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Hooray for reading challenges! I am determined to read 1000 picture books in 2016. Visit my January-March posts for Goodreads links to the picture books I’ve read so far this year. This month, I decided to showcase my favorites from my April reading list. Happy reading!

Top 15 picks for April!

1. Chicken Lily by Lori Mortensen

Chicken Lily

2. Meerkat Mail by Emily Gravett

Meerkat Mail

3. The Cow Who Climbed a Tree by Gemma Merino

The Cow Who Climbed a Tree

4. Oops, Pounce, Quick, Run!: An Alphabet Caper by Mike Twohy

Oops, Pounce, Quick, Run

5. The Bear and the Piano by David Litchfield

The Bear and the Piano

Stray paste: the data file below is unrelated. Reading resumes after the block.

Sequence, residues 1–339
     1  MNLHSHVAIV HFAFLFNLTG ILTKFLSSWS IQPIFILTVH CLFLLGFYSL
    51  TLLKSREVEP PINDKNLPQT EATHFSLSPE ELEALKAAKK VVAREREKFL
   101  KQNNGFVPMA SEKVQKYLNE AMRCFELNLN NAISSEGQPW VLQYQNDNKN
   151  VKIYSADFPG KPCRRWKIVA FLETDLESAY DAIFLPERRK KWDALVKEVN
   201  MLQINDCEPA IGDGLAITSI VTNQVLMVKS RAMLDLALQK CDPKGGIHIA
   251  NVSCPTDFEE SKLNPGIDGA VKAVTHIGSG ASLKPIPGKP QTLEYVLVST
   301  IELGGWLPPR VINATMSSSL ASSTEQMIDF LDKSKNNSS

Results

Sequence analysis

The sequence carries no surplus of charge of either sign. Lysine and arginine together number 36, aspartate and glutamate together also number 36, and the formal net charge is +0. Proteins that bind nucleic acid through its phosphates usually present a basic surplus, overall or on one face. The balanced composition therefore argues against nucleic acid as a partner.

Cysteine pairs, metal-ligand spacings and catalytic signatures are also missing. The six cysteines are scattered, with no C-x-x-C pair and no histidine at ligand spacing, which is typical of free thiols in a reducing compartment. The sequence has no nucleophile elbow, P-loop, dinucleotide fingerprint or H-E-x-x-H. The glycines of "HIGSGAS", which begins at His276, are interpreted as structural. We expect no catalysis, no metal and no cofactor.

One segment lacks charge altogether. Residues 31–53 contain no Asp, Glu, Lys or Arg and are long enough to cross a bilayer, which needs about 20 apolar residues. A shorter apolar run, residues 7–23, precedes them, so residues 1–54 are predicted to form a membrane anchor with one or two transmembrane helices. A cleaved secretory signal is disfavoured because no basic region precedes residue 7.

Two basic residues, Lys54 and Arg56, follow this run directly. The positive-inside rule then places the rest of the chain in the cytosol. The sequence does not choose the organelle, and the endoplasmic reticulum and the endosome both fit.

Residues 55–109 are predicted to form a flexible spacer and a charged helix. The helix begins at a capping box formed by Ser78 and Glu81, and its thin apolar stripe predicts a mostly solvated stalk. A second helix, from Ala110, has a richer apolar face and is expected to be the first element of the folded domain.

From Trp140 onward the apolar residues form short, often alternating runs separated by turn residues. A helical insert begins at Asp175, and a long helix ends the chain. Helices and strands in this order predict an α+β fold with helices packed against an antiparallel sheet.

6. Ada Byron Lovelace and the Thinking Machine by Laurie Wallmark

Ada Byron Lovelace and the Thinking Machine

7. Lady Pancake & Sir French Toast by Josh Funk

Lady Pancake and Sir French Toast

8. My Name is Elizabeth! by Annika Dunklee

My Name is Elizabeth

9. If You Want to See a Whale by Julie Fogliano

If You Want to See a Whale

10. Let’s Sing a Lullaby with the Brave Cowboy by Jan Thomas

Let's Sing a Lullaby With the Brave Cowboy

11. Exclamation Mark by Amy Krouse Rosenthal

Exclamation Mark

12. The Grumpy Pets by Kristine A. Lombardi

The Grumpy Pets

13. Last Stop on Market Street by Matt de la Pena

Last Stop on Market Street

14. Dear Tabby by Carolyn Crimi

Dear Tabby

15. Dear Mrs. LaRue: Letters from Obedience School by Mark Teague

Dear Mrs. LaRue

Kid Lit 411 Birthday Bash!

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Kid Lit 411 is hosting three days of giveaways to celebrate their one year anniversary!

What is Kid Lit 411?